CHATHAM – Ten years ago, a proposal to make significant changes to the building known as the John Hallett Store at 193 Main St. was turned down by the town and the Cape Cod Commission. Now the owner is asking to carry out what was a minor part of that plan: removing a shed at the rear of the lot and replacing it with a two-car garage.
No changes are proposed for the main structure, the lime green and yellow edifice that currently houses the Cape Abilities Farm Store and is known by many as the Calico Cat building. The building was built around 1800 and like those surrounding it is part of the Old Village National Historic District. There's no doubt the stately Greek Revival building is a contributing structure to the district, but whether the shed can also be considered a contributing structure is the issue now before the historical commission.
During a hearing last week, Mark Zibrat, who represented owner Hilary Foulkes, acknowledged the shed is more than 75 years old, but said it has no historical significance. He referred to comments by Cape Cod Commission Historic Preservation Planner Sarah Korjeff regarding a lack of information in the record to determine if the shed was a contributing structure. Korjeff suggested that more information be sought from the historical commission.
The Cape Cod Commission staff report on the 2008 project notes that the shed is “not noted in the historic inventory form and is not believed to be historically significant.” Removal of the shed, it adds, “does not appear to impact the historical integrity of the district.”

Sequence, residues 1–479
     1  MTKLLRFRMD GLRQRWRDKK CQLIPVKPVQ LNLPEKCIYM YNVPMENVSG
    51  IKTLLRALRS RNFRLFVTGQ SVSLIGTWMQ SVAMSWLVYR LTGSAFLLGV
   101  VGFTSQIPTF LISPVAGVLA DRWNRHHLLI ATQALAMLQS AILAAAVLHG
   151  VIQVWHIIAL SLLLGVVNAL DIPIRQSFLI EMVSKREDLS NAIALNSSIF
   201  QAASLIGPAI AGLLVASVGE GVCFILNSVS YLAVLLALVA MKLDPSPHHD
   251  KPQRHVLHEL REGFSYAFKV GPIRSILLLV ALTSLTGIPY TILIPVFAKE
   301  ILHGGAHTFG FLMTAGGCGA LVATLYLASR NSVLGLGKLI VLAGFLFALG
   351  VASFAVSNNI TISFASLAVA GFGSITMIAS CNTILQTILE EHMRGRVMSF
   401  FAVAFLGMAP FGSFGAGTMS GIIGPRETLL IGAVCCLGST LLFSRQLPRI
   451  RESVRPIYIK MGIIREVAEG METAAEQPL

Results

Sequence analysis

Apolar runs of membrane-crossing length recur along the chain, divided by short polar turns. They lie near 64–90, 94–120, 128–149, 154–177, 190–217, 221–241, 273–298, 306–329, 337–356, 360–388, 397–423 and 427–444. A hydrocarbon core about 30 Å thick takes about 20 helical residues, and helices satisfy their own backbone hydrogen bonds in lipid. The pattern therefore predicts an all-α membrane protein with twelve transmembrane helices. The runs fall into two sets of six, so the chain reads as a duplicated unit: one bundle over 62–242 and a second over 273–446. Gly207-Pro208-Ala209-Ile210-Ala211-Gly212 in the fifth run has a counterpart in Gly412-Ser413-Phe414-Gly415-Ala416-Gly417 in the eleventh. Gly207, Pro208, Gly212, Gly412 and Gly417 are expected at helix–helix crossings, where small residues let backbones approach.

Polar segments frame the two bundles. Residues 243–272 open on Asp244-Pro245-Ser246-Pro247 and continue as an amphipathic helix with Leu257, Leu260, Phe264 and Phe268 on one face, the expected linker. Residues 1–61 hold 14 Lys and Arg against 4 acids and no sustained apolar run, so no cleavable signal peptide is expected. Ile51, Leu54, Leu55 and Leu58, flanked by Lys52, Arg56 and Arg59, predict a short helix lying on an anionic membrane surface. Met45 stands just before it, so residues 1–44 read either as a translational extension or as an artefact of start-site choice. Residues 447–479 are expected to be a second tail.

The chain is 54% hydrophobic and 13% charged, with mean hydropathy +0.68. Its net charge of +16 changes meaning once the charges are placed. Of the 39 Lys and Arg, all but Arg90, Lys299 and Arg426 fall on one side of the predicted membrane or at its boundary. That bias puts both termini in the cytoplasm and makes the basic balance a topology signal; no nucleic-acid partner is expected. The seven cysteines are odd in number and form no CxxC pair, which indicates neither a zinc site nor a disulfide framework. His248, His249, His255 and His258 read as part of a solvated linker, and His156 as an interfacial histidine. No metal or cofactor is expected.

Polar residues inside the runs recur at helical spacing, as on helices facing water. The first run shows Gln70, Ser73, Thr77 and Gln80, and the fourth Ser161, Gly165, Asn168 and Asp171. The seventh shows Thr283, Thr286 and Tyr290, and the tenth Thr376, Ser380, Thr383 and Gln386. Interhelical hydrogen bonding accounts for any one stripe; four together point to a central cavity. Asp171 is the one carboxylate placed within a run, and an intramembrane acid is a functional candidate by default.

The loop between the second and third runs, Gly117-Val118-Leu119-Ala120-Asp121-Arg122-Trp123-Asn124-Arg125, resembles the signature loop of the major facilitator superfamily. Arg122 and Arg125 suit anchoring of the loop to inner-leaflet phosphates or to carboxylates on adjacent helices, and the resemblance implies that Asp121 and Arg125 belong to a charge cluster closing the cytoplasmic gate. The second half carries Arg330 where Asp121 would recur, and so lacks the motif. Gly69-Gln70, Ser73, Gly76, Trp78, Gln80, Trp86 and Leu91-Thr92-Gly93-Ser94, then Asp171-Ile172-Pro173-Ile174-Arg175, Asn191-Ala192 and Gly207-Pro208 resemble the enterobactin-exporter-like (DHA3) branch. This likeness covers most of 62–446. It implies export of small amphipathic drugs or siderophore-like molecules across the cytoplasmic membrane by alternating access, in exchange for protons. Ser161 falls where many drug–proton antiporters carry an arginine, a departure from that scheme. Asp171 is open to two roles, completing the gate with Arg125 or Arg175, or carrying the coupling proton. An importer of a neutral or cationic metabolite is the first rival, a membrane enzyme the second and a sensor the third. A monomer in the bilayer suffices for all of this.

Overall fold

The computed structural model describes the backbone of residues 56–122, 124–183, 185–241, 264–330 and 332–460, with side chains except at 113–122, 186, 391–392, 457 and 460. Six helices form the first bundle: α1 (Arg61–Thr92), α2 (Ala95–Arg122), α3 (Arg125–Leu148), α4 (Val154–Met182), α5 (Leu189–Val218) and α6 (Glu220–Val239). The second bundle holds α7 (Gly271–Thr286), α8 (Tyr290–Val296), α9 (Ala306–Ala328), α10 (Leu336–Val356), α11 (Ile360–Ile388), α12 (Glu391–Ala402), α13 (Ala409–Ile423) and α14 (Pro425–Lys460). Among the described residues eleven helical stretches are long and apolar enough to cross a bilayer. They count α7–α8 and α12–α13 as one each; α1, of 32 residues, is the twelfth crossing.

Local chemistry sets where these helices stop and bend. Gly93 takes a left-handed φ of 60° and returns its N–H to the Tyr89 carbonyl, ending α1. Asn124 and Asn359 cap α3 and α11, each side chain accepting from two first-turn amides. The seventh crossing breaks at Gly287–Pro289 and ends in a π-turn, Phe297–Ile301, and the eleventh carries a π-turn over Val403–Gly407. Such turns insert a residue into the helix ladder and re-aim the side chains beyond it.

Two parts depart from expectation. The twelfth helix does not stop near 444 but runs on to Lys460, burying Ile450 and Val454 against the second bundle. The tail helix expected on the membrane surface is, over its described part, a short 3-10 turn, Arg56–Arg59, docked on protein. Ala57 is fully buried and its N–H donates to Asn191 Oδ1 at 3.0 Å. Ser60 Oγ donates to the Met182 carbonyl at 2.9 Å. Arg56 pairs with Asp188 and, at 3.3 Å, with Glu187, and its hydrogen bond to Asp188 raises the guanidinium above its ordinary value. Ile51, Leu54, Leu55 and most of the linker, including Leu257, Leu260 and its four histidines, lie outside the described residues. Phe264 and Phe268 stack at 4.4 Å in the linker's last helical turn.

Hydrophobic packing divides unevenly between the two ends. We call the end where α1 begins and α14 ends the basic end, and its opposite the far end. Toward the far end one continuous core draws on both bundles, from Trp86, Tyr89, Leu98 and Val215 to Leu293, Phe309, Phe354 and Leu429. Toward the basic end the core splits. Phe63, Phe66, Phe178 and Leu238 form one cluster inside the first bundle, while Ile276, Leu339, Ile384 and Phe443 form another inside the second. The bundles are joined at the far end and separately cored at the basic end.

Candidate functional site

But there's disagreement on that, and Chairman Frank Messina said National Register documentation includes mention of the shed as a contributing structure. Further research into the documentation is necessary to make the determination, he said.
The shed's status as a contributing structure to the Old Village district is a critical issue. If it is a contributing structure, the proposal to demolish or move it – Zibrat said the owner wants to move it to his property on Stage Harbor Road – is automatically referred to the Cape Cod Commission, which can approve or turn down the proposal. If it is not a contributing structure, its disposition falls under the historical commission, which can invoke a demolition delay if it determines the structure to be historically significant but cannot prevent it from being moved or torn down.
Resident Normal Pacun, who played a key role in the Old Village National Historic District designation, has no doubt about the shed's status.
“This is a contributing structure within the National Register Historic District,” he told the commission. There are more than 100 other accessory buildings – sheds and barns – in the district, he added. “They are all very important and critical to how the district looks.”
Members of the commission had concerns about the scale of the garage that is being proposed to take the place of the shed. Zibrat said the current one story, 169-square-foot, 13-foot-high shed would be replaced by a 410-square-foot, 22-foot-high two-story building with living space on the second floor. Commission member Robert Lear said that would overwhelming the site.
“It's going to be a significant change to the existing streetscape,” Messina agreed. A small shed is effectively being replaced by “another domicile,” he said.
Referral to the Cape Cod Commission is not something the commission does lightly, Messina said, noting that it's only been done a few times in the past. “It's a big deal,” he said, requiring a formal hearing before the county agency and a higher level of documentation. He asked staff to research Old Village National District approval to determine if the shed was listed as a contributing structure. Korjeff will also be invited to the commission's Sept. 18 meeting, when the matter will be taken up again.